In the Interest of M.J.B., a child.
In this appeal, the mother of M.J.B. challenges the termination of her parental rights on the ground that the juvenile court should not have allowed her to be served with process by publication. We find that the court did not err in allowing service by publication and affirm.
The record shows that M.J.B. and his mother tested positive for cocaine at M.J.B.'s birth. Six days later, the child was released from the hospital into the temporary custody of the Fulton County Department of Family & Children Services (“the department”). The mother had no contact with the department while the child was in its custody, and the department did not know the mother's whereabouts.
Ten months after the child was taken into the department's custody, the department petitioned to terminate the parental rights of M.J.B.'s mother.1 As to the mother, the department alleged parental inability or misconduct based on: the mother and child testing positive for cocaine at the child's birth; the mother's failure to visit the child or contact the department while the child was in the department's custody; the mother's failure to provide any support for the child; the mother's unrehabilitated drug use; the mother's failure to inform the department of her whereabouts; and her failure to show any interest in the child. See OCGA § 15-11-81(b).
When the department could not locate the mother in order to personally serve her with the summons and process, it requested the court's permission to serve her by publication. In support of its request, the department submitted an affidavit in which the caseworker handling M.J.B.'s case stated that, in her efforts to locate the mother, she searched local telephone directories, called directory assistance, searched state Aid to Families with Dependent Children and food stamp computer records, called “any contact telephone numbers for the mother” in the department's records, and contacted area jails. Despite her efforts, the caseworker was unable to locate the mother. The juvenile court found that the mother's whereabouts were unknown and ordered service by publication. The mother was not present during the termination hearing, though she apparently appeared at the end of the hearing. After the hearing, the juvenile court terminated her parental rights.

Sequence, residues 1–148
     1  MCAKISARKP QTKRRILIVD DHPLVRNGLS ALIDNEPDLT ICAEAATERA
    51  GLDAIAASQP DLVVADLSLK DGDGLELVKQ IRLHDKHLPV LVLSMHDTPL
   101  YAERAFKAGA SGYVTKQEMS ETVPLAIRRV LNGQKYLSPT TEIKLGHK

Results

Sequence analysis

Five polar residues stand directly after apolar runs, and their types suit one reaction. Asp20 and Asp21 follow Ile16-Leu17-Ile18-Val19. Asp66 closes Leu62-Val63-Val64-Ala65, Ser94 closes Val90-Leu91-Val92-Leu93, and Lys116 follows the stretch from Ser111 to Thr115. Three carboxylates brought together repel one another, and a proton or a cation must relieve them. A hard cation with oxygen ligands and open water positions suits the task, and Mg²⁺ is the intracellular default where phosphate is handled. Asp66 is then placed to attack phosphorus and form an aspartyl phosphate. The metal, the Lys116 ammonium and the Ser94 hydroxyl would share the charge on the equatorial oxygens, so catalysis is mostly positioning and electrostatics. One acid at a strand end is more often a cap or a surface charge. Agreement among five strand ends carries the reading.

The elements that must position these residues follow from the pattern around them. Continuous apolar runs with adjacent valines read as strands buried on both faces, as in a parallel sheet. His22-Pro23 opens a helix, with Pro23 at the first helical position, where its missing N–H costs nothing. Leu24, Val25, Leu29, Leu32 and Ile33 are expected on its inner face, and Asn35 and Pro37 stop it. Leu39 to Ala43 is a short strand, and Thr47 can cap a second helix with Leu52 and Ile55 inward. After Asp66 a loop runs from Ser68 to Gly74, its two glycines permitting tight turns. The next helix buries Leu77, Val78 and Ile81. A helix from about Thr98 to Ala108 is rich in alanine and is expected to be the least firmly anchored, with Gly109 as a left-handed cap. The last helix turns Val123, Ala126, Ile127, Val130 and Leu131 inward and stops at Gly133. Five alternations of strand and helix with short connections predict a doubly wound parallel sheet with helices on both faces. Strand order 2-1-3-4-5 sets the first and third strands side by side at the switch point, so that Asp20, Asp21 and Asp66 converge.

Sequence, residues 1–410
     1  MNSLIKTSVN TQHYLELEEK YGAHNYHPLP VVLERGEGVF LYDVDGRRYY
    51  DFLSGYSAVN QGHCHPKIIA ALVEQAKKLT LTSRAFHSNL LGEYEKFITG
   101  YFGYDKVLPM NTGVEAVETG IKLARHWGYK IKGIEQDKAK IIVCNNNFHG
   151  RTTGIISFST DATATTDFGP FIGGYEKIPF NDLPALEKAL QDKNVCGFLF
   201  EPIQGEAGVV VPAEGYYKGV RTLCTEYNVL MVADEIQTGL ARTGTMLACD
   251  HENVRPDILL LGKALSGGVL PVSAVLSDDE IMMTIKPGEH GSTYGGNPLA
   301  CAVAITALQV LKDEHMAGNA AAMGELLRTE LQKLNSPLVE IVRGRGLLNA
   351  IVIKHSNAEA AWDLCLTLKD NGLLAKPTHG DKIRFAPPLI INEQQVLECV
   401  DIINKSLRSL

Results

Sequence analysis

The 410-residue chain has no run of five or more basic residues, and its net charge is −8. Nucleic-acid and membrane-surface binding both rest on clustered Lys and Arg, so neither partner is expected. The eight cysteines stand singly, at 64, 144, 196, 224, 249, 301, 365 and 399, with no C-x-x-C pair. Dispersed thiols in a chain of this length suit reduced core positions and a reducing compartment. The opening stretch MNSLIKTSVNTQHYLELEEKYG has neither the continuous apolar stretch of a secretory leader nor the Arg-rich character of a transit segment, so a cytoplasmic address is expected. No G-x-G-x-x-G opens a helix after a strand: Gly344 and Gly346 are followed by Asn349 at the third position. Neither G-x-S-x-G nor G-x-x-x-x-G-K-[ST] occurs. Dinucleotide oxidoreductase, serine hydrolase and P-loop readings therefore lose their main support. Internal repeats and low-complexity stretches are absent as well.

1. The mother contends that the juvenile court erred in ordering service by publication when the department failed to show that it made reasonable efforts to serve her personally. Specifically, she complains that the department failed to show that it contacted the maternal grandmother, even though the department knew where the grandmother lived; the mother argues that her mother may have known her whereabouts. We find no grounds for reversal.
A juvenile court may order service of process by publication in a termination proceeding if, after reasonable effort, a party cannot be found and her address cannot be ascertained. OCGA § 15-11-27(b). See generally In the Interest of J.B., 140 Ga.App. 668, 674, 231 S.E.2d 821 (1976). In support of its request to serve the mother by publication, the department filed with the court an affidavit showing the efforts undertaken by the department to locate the mother. In addition, the caseworker testified at the hearing that the mother's whereabouts were unknown and that the mother failed to contact the department about the child for the entire period M.J.B. was in the department's custody; by the time of the hearing, M.J.B. had been in the department's custody for more than a year.
We agree with the juvenile court that the department made a reasonable effort to locate the mother. The mother cannot complain that the department failed to make extraordinary efforts to locate her, particularly when she made no effort to contact the department while the child was in its custody. See In the Interest of T.B.R., 224 Ga.App. 470, 478(3), 480 S.E.2d 901 (1997).
Contrary to the mother's contention, we cannot presume that because the affidavit does not specifically state that the caseworker contacted the maternal grandmother, the caseworker did not do so. In her affidavit, the caseworker stated that she called “any contact telephone numbers” she had for the mother. Nothing in the record indicates that the grandmother was not one of the persons contacted. On appeal, the burden is on the appellant to show error affirmatively by the record. In the Interest of J.E.E., 228 Ga.App. 831, 833(1), 493 S.E.2d 34 (1997); see In the Interest of R.M.M., 232 Ga.App. 553, 555(2), 502 S.E.2d 480 (1998). This she has failed to do.
2. In light of the foregoing, the mother's remaining enumeration of error claiming the termination was invalid because service was defective is also without merit.
1. The department also petitioned to terminate the father's rights. That petition is not at issue in this appeal and will not be considered.
JOHNSON, Chief Judge.
POPE, P.J., and ELDRIDGE, J., concur.